Institute for War and Peace Reporting | Giving Voice, Driving Change
With some apprehension, I began my journey to my home village, a place I had not been ever since the rebel war in northern Uganda began many years ago.
My trip took me first, however, to the Barlonyo refugee camp, north of Lira where the rebel Lord's Resistance Army, LRA, had brutally massacred 300 people in 2004.
I wanted to talk with survivors about the rebel leader Joseph Kony, who many doubted would sign a negotiated peace agreement following reports that he had retreated to the Central African Republic.
But I began to think that peace was around the corner as I saw former refugees preparing fields for the year’s first planting following the recent rains.
Children walked happily along the road side and waved excitedly at the sight of my motorcycle – something most had not seen in years.
I stopped at the Ogur trading centre, and as I ordered a bottle of soda, I recalled that this place was once unreachable because of rebel patrols and attacks just a few kilometres from Lira.
Along the roads I saw fields of millet, beans, soy beans, and sorghum – crops that had not been planted during the 20-year war.
Nearby several people were loudly debating the outcome of the final peace agreement, and most doubted Kony’s sincerity. Few thought he would present himself and sign the accord – delayed now until April 15 in the South Sudan capital of Juba.
"The bible says there is time for everything,” said one of the men. “This scripture is coming to pass on Kony and his fighters."
"We are not worried, even if he [Kony] doesn't sign the peace accord, because his haven [Central African Republic] is a thousand kilometres away," said another.
"This area is now [secure] and reachable [for refugees] unlike in 2003 and 2004," said Regina Akullo, 60, as she planted beans.
I sympathised with these people because I have lived through this war and know how it has devastated the region.
As I reached Barlonyo, a Luo word that means “abundant wealth”, I expected to see remains of a battlefield. Instead, I saw permanent structures made of bricks and cement, all projects to build a commercial centre and vocational school to honour the dead.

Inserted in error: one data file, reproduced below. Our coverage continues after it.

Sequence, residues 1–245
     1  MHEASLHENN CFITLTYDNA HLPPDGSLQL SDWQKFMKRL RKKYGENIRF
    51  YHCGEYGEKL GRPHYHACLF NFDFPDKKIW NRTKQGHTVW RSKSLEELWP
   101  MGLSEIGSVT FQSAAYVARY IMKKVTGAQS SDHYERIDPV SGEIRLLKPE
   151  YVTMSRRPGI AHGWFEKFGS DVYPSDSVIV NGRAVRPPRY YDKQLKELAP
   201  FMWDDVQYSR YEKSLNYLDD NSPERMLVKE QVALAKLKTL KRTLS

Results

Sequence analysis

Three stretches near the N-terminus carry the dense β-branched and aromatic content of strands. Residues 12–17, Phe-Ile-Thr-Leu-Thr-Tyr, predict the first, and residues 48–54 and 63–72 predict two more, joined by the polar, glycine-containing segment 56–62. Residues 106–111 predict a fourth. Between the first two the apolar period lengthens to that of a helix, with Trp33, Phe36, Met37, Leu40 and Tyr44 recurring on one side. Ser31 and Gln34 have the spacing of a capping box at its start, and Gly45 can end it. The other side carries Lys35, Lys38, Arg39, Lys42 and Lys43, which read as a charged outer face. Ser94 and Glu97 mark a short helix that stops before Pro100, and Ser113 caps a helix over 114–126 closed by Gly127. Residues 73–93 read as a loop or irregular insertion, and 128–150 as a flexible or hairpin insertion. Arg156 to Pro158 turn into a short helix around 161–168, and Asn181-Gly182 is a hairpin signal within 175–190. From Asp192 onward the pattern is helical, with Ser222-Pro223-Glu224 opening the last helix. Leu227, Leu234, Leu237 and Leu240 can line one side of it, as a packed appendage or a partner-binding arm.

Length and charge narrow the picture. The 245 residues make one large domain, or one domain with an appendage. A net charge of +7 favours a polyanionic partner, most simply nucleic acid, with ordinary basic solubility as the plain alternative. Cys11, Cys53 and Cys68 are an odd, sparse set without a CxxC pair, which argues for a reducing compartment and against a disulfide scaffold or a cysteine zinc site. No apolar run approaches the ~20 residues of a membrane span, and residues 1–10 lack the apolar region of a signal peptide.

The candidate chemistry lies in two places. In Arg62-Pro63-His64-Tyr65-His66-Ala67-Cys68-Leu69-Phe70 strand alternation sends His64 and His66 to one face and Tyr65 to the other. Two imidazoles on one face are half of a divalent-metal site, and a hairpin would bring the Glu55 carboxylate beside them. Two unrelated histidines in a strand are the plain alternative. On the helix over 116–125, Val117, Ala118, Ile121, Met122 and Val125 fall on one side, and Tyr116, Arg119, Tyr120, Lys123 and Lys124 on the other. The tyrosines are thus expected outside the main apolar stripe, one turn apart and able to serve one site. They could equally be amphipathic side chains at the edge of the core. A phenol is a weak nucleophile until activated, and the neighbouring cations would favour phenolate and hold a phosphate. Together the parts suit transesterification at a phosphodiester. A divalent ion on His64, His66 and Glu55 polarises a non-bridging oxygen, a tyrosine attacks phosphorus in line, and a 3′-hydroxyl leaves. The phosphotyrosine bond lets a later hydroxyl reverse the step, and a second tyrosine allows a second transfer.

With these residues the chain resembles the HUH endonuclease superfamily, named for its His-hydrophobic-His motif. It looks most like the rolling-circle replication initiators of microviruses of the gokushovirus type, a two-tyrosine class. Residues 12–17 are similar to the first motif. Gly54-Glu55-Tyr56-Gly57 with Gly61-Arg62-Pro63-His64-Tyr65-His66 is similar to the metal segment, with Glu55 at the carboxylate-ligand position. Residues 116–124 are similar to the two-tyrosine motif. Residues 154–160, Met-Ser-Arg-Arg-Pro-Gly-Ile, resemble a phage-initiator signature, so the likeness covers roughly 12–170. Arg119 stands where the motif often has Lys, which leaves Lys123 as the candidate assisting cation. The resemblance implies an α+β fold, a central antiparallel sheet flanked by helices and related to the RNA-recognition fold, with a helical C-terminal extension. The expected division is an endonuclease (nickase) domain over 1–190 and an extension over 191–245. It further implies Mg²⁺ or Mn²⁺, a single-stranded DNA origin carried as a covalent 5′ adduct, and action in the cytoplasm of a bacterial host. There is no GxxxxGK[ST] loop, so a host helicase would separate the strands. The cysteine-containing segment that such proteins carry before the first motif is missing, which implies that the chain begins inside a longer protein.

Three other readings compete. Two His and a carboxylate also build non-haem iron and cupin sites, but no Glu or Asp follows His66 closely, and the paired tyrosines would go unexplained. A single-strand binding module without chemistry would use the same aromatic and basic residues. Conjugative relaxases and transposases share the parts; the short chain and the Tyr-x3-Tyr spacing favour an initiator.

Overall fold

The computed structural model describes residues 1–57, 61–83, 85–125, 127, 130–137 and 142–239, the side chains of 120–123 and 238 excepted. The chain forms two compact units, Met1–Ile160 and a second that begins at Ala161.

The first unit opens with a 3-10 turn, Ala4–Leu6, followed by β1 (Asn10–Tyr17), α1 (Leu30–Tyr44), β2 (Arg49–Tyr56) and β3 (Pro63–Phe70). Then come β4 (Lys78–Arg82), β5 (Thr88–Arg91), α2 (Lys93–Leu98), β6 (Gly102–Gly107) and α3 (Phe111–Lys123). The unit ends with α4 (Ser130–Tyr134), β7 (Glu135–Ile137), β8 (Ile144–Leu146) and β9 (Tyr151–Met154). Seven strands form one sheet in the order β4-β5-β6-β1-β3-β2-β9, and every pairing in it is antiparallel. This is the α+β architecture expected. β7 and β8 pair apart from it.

I continued to Amwak, a village 50 km east of Lira and my home village. People there were bitter about the war and Kony, especially since he was still at large in CAR.
"As we speak now, we are not happy with the International Criminal Court, ICC, for letting Kony cross to CAR without being arrested," said my step-brother James Onyanga.
At the peak of the LRA insurgency in 2002, my mother Jusphanti Okino, 65, and my brothers Geoffrey Onyanga and Simon Eluk fled from the village for the safety of Lira.
After three years, however, and before the peace talks began in 2006, they told me they wanted to return home.
"I’m not used to this kind of life where food is purchased on daily basis,” my mother told me. “I want to trek back to my home and start cultivating my own."
I was worried about their safety, because just a year earlier, rebels had ambushed a truck near our home, killing eight people and setting both the dead and the truck ablaze.
But they insisted, so I supported them with enough money for transport and food to get them started again. Luckily, they were all right, because the security in the area had improved.
But it had not been so for my grandfather, Erisa Onyanga, 90, and my uncle Peter Eluk, both of whom were killed during the rebel war. They were among the ten people who died during the war, out of the 50 who once lived in our village.
But already, life had turned around for people across the north, including my brother.
"Out of what I harvested this year, I have purchased two bulls to help us in cultivation," my older brother, Geoffrey, told me. "I think if all goes well I will be able to buy more.”
Now with peace in the air, I think he will.
Patrick Okino is an IWPR-trained journalist.
Link to original story by Patrick Okino published in ACR No. 162, 27-Mar-08.
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